However, developmental challenges may begin to make themselves present in children between ages 2 and 4 and parents may notice that their child isn’t reaching their expected developmental milestones.

The developmental challenges affecting children with Dravet syndrome are very varied and can affect any of the following areas:

  • Gross motor skills
  • Fine motor skills
  • Language skills
  • Social skills

Children with Dravet syndrome will typically experience a slower development in any of the above areas. Some patients may also display a plateau, where they show no developmental progress for some time. Finally, some children may also demonstrate developmental regression after a particularly intense seizure.


In some places (including the US) there is no set treatment protocol for Dravet syndrome. Instead, treatment usually varies from one patient to another.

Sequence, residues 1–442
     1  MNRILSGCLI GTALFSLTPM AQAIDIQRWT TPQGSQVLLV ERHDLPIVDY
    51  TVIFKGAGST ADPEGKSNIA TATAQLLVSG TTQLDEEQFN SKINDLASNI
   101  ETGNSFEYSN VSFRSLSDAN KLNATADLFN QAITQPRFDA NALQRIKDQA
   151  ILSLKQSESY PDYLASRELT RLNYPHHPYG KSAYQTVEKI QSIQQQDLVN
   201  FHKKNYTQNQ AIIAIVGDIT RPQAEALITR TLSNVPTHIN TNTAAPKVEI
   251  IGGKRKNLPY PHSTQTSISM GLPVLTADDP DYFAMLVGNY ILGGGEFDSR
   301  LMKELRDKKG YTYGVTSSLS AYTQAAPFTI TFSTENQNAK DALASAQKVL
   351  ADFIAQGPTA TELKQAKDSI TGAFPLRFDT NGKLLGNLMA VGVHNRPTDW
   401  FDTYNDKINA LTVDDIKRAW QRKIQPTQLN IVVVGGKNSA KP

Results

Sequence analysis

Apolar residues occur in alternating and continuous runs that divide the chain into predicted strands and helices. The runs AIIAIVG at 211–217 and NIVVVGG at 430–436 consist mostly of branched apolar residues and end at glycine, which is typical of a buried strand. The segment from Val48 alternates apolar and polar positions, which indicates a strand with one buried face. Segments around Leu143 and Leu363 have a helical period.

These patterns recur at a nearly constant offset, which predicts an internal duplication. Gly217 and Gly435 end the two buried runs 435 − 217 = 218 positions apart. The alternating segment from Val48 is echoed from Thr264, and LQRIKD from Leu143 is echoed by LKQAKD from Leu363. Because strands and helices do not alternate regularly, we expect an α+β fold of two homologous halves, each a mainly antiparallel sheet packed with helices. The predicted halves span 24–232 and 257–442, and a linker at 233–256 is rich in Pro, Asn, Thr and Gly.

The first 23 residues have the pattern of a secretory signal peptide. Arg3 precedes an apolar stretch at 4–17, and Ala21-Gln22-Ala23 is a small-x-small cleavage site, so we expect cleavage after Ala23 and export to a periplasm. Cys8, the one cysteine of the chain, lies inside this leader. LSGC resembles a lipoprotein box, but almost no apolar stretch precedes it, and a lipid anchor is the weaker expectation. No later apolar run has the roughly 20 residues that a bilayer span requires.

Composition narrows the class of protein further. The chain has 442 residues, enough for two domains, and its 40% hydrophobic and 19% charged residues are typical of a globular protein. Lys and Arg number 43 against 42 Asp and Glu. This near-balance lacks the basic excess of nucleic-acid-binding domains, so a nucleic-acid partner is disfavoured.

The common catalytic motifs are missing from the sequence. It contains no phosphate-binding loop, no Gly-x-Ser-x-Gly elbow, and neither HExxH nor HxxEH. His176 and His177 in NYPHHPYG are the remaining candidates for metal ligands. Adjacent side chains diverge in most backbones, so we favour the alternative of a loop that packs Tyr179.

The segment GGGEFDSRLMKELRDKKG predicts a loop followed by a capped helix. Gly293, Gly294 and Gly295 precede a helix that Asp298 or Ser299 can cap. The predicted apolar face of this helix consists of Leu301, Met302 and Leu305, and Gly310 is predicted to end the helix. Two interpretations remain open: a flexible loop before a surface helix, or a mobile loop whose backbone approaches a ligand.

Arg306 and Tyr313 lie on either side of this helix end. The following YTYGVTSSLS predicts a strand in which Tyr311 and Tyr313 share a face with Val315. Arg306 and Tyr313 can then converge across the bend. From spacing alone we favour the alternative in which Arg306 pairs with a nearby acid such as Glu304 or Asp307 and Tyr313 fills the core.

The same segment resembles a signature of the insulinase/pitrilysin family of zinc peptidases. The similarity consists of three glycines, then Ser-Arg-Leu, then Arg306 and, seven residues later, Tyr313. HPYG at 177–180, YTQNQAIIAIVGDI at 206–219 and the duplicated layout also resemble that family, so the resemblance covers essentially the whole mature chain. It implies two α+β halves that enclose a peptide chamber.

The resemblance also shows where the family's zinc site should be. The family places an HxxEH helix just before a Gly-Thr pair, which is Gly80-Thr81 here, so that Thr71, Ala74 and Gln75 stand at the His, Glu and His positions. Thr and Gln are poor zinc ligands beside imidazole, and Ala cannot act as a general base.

Dravet syndrome is usually treated and managed using a combination of medications and therapy. According to the Dravet Foundation, the medication with the best supporting literature is Stiripentol.

Other medications used to treat Dravet syndrome include:

  • Clobazam
  • Valproic acid
  • Topiramate
  • Clonazepam
  • Levetiracetam
  • Zonisamide
  • Ethosuximide

Apart from medications, a ketogenic diet has also been shown to help improve cognition in some patients. Most children with Dravet syndrome will also partake in a combination of developmental therapies like occupational, physical, and /or speech therapies.


Anticonvulsants like those listed above have a variety of side effects, including: